Driving in Turkey

  • Published
  • By Mehmet Birbiri
  • 39th Air Base Wing Host Nation Adviser
Question: Mehmet, I am new here and I've noticed that driving off base is quite challenging. What do you recommend for driving in Turkey?

Response: You might remember that I say "Driving in Turkey is not dangerous but adventurous" in my briefings. Below is an article from www.mymerhaba.com about driving safely in Turkey. 

The fundamental rules of safety to survive Turkish driving are: drive very defensively; avoid driving at night, and never let emotions effect what you do. 

A number of accidents occur when a local driver stops, takes some unexpected action or turns causing the foreign driver to hit the other vehicle or be struck by others. Many of the "unexpected" actions are unexpected according to driving standards but are quite common in Turkey. A high percentage of traffic-related deaths are pedestrians in overcrowded major cities. 

The following defensive measures can and should be taken to increase the odds in your favor for accident-free driving: 
- Always wear seat belts and keep children in the back seat with seat belts and/or in a child safety seat. 
- Drive defensively, defensively, defensively. This is very important and not a catch phrase to be taken lightly. 
- Use your horn to get pedestrians' attention and use your lights to get the attention of other drivers. Pay attention when other drivers use their horns. 
- Dusk is really a dangerous time on intercity highways since most drivers delay turning on their headlights until well after dark. Therefore oncoming traffic can be very hard to see. 
- Watch out for trucks and buses that take the right-of-way without signaling, whether they are entitled to it or not. 
- Check all mirrors and use directional signals for lane changes and do not forget to confirm with a direct visual check. Also, check the right side mirror in particular.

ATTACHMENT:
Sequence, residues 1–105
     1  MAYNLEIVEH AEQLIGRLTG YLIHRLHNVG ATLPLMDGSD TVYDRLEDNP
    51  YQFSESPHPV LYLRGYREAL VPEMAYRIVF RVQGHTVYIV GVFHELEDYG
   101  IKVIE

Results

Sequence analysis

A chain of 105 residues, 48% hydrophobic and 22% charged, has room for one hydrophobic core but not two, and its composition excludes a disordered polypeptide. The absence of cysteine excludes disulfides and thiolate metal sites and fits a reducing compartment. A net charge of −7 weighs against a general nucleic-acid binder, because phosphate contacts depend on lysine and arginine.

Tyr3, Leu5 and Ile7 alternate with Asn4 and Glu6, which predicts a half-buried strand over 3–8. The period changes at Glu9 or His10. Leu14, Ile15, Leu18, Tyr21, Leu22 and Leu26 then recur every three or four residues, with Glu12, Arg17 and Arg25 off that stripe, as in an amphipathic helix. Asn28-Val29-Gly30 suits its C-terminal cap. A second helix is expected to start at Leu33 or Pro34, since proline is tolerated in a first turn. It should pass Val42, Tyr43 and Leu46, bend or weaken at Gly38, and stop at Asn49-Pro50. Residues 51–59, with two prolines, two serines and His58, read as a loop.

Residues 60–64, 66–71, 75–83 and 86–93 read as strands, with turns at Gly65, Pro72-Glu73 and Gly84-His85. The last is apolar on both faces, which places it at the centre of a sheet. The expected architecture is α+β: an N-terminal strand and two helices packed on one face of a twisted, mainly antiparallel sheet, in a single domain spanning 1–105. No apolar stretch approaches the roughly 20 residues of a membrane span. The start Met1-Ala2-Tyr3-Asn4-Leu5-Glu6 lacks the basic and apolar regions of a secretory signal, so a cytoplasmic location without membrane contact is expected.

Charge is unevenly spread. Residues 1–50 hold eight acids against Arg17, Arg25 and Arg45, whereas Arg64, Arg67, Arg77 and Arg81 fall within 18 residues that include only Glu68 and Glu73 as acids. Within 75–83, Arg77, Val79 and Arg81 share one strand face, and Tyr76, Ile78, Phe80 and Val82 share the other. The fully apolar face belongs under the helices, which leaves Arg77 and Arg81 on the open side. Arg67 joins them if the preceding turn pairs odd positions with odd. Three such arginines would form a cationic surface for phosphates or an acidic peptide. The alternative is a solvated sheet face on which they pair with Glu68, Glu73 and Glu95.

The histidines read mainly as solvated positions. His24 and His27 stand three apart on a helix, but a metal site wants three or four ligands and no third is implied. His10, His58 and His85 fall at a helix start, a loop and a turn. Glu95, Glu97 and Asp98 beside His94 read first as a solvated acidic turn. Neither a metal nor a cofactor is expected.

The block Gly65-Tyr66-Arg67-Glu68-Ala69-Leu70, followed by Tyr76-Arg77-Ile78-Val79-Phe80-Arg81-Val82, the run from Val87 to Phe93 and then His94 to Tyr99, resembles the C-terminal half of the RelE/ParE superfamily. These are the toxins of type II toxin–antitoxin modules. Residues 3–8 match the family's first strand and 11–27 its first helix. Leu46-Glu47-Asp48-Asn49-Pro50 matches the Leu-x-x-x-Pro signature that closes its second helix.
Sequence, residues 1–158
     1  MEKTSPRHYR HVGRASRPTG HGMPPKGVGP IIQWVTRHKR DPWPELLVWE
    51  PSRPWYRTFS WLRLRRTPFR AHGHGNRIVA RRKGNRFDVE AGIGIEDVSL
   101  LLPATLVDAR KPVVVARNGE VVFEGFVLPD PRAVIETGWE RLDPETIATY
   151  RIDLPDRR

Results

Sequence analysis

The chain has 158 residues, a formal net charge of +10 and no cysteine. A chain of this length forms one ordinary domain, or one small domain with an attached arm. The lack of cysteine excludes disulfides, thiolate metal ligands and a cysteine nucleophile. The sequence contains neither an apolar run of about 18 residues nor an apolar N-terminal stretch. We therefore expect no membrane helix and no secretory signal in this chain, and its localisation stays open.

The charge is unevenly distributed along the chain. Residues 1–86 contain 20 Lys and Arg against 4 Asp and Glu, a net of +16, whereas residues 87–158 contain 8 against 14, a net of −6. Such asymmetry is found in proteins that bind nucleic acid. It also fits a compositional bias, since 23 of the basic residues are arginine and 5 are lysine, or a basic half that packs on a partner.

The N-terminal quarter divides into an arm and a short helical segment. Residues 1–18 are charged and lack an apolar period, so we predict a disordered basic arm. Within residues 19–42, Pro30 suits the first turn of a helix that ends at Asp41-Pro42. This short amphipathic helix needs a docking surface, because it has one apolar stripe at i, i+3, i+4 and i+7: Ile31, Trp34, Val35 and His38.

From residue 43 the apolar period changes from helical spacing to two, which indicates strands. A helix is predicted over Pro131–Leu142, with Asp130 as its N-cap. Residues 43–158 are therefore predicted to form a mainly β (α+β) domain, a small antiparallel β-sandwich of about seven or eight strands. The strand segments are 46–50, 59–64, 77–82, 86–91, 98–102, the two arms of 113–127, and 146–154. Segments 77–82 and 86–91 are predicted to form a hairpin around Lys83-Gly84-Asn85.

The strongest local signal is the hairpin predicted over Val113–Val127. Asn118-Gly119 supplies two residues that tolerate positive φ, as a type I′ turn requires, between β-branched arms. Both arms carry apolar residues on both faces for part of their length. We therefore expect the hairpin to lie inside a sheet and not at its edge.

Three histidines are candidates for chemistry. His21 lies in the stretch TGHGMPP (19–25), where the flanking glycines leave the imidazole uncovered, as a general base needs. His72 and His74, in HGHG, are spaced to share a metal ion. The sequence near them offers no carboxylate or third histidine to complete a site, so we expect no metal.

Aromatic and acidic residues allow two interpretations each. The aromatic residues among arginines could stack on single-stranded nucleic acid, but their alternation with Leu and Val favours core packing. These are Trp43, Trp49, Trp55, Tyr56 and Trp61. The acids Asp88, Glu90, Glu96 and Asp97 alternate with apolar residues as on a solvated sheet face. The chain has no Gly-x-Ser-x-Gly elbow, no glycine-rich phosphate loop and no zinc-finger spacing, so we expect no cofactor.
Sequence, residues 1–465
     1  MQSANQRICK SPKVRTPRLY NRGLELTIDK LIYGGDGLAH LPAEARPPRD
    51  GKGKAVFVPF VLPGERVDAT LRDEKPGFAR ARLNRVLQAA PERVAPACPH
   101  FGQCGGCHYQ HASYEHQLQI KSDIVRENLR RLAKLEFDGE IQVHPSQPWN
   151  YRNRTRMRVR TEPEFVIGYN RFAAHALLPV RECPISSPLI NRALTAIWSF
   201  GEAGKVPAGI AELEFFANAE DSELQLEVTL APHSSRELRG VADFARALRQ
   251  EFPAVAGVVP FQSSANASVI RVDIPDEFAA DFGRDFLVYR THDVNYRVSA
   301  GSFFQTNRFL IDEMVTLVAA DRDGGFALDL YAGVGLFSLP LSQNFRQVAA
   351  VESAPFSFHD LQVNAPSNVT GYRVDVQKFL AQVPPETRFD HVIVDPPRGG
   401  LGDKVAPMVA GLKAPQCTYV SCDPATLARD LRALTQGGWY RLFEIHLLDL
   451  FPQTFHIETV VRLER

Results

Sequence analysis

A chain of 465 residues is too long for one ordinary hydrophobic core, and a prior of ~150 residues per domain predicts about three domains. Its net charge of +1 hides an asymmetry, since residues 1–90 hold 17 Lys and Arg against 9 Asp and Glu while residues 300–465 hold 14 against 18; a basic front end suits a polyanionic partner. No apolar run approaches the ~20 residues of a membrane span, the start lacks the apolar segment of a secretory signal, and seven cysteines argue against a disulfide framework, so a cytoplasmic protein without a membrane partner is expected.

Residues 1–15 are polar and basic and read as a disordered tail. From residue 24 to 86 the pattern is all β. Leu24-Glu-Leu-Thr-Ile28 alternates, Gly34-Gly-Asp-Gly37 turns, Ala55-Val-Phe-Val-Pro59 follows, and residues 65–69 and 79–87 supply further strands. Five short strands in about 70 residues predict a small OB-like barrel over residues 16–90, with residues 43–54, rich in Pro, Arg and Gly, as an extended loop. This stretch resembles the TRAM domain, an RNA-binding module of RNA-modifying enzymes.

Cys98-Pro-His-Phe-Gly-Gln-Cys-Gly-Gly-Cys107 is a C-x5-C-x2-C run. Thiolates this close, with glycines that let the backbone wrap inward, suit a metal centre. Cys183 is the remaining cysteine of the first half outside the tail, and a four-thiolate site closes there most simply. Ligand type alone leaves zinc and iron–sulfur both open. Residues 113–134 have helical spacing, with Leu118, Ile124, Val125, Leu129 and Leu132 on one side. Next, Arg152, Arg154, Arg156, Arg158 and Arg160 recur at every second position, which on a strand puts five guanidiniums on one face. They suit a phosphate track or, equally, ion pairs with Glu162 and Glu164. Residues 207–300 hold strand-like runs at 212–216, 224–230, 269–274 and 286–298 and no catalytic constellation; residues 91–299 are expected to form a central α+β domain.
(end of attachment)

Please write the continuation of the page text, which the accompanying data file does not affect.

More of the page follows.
- Use four-way flashers to warn the following drivers of suddenly slowed or blocked traffic to avoid being hit from the rear. 
- Drive everyday as though you have a mission not to be involved in an accident, cause an accident or strike a pedestrian. 
- Always expect the unexpected. 
- Guess nothing. Make no guesses about what another driver may do or how they will react in a situation. Do not think that they have seen your vehicle or will do the "right" thing. 

Pay special attention to the following common occurances 
- Unexpected stops or turns without signaling, for any obvious reason.
- Passing on the right and cutting in front of other vehicles from the right side.
- Unexpected lane changes and stopping at unexpected locations to pick up or let off passengers by "dolmus, taxis, city or intercity buses and trucks including main highway entrance slopes, intersections and along major highways.
- Completely careless and unskilled drivers.
- Drivers that drive in the middle of the road and give way to no one.
- Drivers that overtake on blind curves.
- Drivers that attempt to pass you while you are passing other vehicles.
- Tailgating drivers.
- Pedestrians completely unaware of oncoming traffic that continue to walk or run in front of vehicles to cross streets and main highways.
- Trucks parked on the highway at night without lights rather than on the side of the road.
- Cars without lights or lights missing at night.
- Animals on highways. Watch for herds of sheep, goats and other animals on the roads.
- Tractors, horse carts and farm vehicles traveling without lights at slow speed on highways.
- Oncoming drivers playing enigmatic light games, flashing whether you have your "brights" on or not.
- Tire-shredding potholes. 

These are the basic actions you are going to experience while driving in Turkey. However you are likely to experience more.